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Home > SPJ News > Constitutional amendment threatens free speech

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Constitutional amendment threatens free speech

SPJ News
9/18/1998


An amendment to the U.S. Constitution giving Congress the power to outlaw desecration of the U.S. flag is ill-conceived and a threat to freedom of speech, said the president of the 13,000-member Society of Professional Journalists.

“Proponents of an amendment to prohibit desecration of the flag of the United States are unwitting desecrators themselves -- of the protections in the First Amendment to the Constitution of the United States,” said SPJ President Fred Brown, political editor of The Denver Post.

A poll showing widespread popular support for such an amendment was released Wednesday in Washington, D.C. But Brown said members of Congress should pay more attention to the traditions on which the nation was founded.

“The Society of Professional Journalists joins others who understand the real meaning of the Constitution in decrying attempts to dilute the freedoms the United States has embraced and lived by for more than 200 years,” the SPJ
president said in a statement.

“The flag is a symbol of what this nation stands for. Among those things — arguably the most important of them -- is freedom of expression. Certainly, burning or otherwise desecrating the flag is an odious way to express one's
self. But it has fallen on lean times as a means of protest. It was quite the fad among the politically irate during the Vietnam War, but if there’s much of it going on now, it certainly isn’t obvious.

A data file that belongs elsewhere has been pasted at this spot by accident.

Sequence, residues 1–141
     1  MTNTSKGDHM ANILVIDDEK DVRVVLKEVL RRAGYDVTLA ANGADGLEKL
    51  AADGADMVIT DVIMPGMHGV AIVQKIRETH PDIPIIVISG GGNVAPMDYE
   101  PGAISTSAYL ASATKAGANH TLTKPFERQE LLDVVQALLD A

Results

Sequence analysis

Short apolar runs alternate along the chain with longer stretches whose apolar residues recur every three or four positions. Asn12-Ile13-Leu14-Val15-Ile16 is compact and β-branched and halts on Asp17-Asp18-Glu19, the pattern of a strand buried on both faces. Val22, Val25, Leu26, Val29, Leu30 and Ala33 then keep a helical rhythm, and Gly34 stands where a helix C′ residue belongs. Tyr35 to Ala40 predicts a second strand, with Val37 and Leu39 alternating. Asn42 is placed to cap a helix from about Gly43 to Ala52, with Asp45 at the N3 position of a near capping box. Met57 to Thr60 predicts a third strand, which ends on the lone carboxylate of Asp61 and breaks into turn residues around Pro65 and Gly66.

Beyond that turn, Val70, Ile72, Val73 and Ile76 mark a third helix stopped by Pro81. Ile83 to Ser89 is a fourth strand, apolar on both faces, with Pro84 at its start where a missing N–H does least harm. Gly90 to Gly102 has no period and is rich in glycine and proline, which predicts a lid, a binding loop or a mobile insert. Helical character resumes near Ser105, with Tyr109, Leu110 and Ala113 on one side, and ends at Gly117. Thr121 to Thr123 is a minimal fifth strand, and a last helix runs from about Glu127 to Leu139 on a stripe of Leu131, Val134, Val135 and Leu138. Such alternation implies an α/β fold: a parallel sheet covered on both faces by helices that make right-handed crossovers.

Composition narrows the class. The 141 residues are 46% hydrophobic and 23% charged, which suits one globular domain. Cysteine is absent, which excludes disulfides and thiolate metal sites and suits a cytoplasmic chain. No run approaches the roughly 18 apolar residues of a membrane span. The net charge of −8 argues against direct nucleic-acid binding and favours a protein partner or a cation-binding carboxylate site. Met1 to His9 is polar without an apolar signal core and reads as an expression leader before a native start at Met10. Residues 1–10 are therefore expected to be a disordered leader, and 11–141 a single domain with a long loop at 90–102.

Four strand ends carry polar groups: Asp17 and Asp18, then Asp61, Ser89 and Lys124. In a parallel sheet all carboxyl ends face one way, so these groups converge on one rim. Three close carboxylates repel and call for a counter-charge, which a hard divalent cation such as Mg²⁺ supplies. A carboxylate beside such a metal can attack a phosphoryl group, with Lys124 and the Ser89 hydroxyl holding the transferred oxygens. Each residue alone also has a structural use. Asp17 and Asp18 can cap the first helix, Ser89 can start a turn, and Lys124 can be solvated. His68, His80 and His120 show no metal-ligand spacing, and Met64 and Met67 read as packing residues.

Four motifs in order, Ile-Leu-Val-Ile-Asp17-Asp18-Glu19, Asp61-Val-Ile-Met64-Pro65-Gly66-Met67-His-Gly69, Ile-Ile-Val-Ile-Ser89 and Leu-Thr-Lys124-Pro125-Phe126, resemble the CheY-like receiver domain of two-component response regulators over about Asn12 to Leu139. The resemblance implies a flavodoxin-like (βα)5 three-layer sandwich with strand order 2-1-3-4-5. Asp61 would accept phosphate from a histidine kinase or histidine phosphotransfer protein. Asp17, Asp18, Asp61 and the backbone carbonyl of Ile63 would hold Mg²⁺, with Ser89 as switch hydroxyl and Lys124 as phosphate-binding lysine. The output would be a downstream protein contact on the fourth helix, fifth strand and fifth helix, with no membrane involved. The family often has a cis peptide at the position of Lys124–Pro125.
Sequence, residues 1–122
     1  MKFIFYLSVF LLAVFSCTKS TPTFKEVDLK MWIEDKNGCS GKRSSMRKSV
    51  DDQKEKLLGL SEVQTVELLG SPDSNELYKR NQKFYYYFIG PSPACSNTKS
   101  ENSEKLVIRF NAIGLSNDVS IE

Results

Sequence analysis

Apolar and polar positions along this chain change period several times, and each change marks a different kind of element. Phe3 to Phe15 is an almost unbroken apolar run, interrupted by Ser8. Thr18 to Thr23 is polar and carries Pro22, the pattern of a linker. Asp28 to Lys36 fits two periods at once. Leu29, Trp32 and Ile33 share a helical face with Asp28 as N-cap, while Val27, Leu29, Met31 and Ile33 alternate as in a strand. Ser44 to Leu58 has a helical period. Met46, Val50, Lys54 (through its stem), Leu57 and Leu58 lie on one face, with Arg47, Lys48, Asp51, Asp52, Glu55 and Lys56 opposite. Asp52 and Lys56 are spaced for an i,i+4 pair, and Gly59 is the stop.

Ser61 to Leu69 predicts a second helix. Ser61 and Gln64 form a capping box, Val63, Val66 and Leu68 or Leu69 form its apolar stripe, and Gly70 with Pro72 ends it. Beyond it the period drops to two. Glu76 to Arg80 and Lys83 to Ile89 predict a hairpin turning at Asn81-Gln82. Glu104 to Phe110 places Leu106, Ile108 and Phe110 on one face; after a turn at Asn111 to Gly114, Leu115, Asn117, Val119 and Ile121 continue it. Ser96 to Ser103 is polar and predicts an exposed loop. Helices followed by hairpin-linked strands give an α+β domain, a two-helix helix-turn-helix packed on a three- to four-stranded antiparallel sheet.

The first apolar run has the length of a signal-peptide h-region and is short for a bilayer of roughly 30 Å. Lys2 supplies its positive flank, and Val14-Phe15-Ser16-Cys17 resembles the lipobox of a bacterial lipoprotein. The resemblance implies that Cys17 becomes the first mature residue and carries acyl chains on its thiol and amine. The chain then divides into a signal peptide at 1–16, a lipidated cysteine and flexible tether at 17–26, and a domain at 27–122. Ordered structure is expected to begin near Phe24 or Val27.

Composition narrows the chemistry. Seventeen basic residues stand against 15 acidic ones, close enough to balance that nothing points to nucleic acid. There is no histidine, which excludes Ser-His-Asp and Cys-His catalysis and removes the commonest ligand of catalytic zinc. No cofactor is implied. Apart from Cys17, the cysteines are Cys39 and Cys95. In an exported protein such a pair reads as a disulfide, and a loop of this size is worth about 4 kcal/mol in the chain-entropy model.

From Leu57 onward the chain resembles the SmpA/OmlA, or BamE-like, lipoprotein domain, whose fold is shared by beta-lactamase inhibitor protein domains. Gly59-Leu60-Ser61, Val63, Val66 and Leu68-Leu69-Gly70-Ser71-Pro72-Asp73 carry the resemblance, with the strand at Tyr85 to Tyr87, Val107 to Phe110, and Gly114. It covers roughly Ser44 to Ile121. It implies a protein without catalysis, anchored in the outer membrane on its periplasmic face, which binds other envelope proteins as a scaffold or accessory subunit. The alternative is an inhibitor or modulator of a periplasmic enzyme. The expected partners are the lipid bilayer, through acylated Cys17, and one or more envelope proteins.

“This recent public-relations campaign seems like a knee-jerk reaction that has taken a generation to assert itself,” Brown continued.

"And 'desecration' is a dangerously imprecise term. The flag is ubiquitous, showing up on everything from motorcycle jackets to running short. One patriot's desecration might be another patriot's decoration.

“The flag amendment is ill-behaved. To answer puerile behavior with oppressive restrictions is an overreaction, plays into the hands of the desecrators, and makes the solution immeasurably worse than the problem,” Brown said.

“The Society of Professional Journalists, whose 13,000 members make it the nation’s largest association of journalists, urges the members of Congress to resist amending the Constitution, one of this nation’s most sacrosanct and successful documents,” he concluded.


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